Monday, May 12, 2008

ScrantonBranchOffice's EXCLUSIVE Interview - "The Office and Philosophy"

Blackwell Publishing has recently released a book entitled “The Office and Philosophy – Scenes from the Unexamined Life”. The book explores philosophy found within the BBC and NBC versions of “The Office” and was edited by J. Jeremy Wisnewski.

Political correctness, sexual harassment, business ethics, office flirtation, and humiliation are hot button points that show up in this snapshot of life. Even as it captures something of the human condition, “The Office” put the ‘fun’ in dysfunctional. “This is philosophy that is meant to introduce you to, and help you understand, issues in a way that is as enjoyable as the show itself.”

“I laughed and laughed and laughed… and then I realized I was reading a different book. And then I read this one. It’s pretty good, too.”Oscar Nunez

J. Jeremy Wisnewski is an Assistant of Philosophy at Hartwick College. He is the author of “Wittgenstein and Ethical Inquiry: A Defense of Ethics as Clarification” (2007) as well as the editor of “Family Guy and Philosophy” (2007). According to his biography his next project is to play Michael Scarn in a new production of “Threat Level: Midnight”. (No, not really.) Recently I was able to sit down for a conversation with Jeremy about the book. Enjoy!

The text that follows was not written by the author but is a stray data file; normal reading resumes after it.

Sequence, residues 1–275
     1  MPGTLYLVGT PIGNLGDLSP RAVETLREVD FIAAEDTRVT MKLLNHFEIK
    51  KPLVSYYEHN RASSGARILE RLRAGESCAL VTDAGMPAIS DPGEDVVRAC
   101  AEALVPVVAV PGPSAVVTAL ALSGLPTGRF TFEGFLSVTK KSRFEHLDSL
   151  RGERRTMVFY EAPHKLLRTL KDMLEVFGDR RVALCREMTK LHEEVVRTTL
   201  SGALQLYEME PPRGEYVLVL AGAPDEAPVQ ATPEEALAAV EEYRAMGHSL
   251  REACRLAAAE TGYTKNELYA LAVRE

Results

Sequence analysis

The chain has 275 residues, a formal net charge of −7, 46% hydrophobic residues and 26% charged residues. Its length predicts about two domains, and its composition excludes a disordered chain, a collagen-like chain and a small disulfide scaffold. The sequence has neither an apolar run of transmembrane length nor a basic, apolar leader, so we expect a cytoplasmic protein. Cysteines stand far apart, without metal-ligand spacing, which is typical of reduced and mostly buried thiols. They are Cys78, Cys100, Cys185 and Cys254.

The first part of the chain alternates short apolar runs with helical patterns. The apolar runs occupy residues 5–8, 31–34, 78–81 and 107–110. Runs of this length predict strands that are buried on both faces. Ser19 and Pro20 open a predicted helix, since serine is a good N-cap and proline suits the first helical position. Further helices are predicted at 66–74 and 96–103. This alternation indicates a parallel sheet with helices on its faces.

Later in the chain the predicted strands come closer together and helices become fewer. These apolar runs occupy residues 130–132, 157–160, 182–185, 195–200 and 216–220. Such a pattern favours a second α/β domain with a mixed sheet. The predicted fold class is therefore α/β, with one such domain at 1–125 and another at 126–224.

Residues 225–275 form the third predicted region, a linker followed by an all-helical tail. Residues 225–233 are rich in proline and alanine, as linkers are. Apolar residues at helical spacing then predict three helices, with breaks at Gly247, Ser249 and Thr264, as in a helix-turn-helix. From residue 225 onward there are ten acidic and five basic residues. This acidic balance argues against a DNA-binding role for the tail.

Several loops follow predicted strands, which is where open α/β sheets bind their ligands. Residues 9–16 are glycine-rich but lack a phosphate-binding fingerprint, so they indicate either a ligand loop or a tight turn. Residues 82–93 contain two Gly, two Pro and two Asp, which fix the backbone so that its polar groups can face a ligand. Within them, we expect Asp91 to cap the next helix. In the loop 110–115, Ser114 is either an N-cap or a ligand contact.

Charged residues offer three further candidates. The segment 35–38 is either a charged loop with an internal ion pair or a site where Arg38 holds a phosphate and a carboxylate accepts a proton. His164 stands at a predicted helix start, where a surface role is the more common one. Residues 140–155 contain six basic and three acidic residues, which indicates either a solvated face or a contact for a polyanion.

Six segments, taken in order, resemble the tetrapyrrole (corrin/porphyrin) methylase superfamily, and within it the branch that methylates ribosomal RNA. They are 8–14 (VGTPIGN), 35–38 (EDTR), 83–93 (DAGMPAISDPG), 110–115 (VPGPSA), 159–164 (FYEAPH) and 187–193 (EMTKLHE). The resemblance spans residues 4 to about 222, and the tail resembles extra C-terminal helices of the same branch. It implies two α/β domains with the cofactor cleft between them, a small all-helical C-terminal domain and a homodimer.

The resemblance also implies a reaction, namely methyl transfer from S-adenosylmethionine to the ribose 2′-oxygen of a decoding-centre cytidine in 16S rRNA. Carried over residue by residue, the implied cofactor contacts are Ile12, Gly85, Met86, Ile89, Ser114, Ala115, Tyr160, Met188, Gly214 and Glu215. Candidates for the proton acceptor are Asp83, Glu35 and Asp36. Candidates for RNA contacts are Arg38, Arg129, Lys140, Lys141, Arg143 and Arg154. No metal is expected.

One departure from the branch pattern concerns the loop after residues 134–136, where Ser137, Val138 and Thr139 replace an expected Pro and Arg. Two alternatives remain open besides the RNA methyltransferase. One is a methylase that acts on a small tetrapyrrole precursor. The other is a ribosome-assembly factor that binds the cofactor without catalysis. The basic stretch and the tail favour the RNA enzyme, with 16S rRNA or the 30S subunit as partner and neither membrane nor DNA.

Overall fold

ScrantonBranchOffice: Hey, how are you Jeremy?
J. Jeremy Wisnewski: I’m good, how are you?
SBO: I’m doing well thank you.

SBO:This is a great book as far as philosophy goes in general, but what made you and the other writers decide to gear it on The Office?
JJW:From moment one, when I started seeing the promos for The Office, I was immediately intrigued. I saw the US version first. When I started watching it, both the US version and later on the British version, I just knew there was something there. It seems as though the show is really capturing something universal. I think that is evidenced by the fact that there’s a US version, a British version, a German version, a French version and a Canadian version. All of these shows are tapping in to a lot of things, but one of the things they’re tapping into is the struggle for meaning in advanced industrial nations. That’s a large way of saying, I guess, that work stinks and it’s very difficult to get any meaning out of what you do. It’s very difficult to be a paper pusher.

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